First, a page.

184.108.40.206.1. Collecting and storing corbicular pollen to feed to caged adult workers in the laboratory
Based on storage methods described by Pernal and Currie (2000) that successfully maintained honey bee-collected pollen pellets for up to one year without decreasing its nutritional value, the following procedure allows for proper collection and storage of fresh pollen for at least a single field season.
- Identify a suitable colony to collect pollen from. Refer to section 4.1 for a brief discussion on choosing source colonies for worker collection because pollen should also be collected from healthy colonies.
- Install a thoroughly cleaned trap (see section 5.2.1. for cleaning equipment using acetone) to collect pollen from incoming foragers sporadically over the course of a few weeks, rather than continuously for more than two days at a time, to ensure colony pollen supplies remains sufficient (see the BEEBOOK paper on miscellaneous methods by Human et al. (2013)).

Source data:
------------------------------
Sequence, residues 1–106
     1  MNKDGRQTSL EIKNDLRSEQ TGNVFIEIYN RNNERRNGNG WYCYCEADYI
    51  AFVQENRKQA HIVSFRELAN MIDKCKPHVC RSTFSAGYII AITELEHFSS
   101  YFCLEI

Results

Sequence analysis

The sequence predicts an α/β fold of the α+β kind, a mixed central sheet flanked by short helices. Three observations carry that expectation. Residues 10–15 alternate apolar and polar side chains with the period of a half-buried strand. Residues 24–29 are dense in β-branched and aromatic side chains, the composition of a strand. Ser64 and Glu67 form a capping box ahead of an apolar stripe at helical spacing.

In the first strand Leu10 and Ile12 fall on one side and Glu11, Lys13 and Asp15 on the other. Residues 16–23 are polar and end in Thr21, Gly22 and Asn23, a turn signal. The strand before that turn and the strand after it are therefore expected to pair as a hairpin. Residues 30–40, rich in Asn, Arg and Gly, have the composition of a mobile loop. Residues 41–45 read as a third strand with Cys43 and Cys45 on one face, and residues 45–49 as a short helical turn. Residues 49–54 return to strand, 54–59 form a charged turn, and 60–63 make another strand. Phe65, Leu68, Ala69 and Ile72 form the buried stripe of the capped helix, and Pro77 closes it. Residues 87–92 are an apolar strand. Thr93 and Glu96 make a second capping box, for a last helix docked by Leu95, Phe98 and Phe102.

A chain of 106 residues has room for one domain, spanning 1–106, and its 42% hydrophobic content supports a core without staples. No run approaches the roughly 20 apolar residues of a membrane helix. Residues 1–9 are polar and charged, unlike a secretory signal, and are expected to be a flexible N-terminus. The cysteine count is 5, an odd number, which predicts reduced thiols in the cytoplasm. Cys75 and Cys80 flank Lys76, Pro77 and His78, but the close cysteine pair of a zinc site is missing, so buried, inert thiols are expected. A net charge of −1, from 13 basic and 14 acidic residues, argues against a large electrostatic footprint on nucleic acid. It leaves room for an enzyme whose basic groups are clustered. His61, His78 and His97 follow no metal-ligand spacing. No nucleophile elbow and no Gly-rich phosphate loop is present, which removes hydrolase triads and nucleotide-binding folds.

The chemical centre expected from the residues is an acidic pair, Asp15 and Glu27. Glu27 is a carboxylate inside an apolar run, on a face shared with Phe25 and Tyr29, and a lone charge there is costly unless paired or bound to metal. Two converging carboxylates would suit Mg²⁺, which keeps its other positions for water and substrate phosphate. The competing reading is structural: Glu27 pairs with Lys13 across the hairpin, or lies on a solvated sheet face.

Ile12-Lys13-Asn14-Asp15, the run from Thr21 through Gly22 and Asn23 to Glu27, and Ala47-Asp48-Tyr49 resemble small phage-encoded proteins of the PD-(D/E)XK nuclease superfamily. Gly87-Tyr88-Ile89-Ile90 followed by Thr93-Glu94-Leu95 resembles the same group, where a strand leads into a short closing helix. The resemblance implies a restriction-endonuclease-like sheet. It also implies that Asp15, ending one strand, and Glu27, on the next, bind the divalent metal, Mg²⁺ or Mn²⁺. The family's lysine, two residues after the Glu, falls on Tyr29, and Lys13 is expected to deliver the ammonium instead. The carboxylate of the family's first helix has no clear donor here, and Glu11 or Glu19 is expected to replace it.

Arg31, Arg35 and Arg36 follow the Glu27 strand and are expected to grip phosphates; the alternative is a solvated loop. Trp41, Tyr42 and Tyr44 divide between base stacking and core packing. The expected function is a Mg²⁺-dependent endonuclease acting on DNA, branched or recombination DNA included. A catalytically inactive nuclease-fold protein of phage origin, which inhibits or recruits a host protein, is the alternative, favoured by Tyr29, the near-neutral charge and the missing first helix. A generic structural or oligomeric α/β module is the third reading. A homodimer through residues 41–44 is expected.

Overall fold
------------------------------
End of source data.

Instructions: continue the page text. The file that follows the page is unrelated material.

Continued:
- Carefully separate pollen from other trap debris (i.e. plant material, honey bee body parts) using a sterile forceps or small fine-tipped paint brushes.
- Separate a subsample of each pollen species based on colour (e.g. Moore and Webb, 1983), and store at –18°C or colder to allow for possible future identification of plant species if needed (see the BEEBOOK paper on pollination methods by Delaplane et al. (2013)).
- Homogenise collected pollen to ensure uniform distribution of colony-specific pollen, and store it fresh in air-tight containers at –18 °C or colder. Minimize or evacuate air in storage containers.
- Remove from cold storage only when needed and prepare
for feeding as discussed in section 220.127.116.11.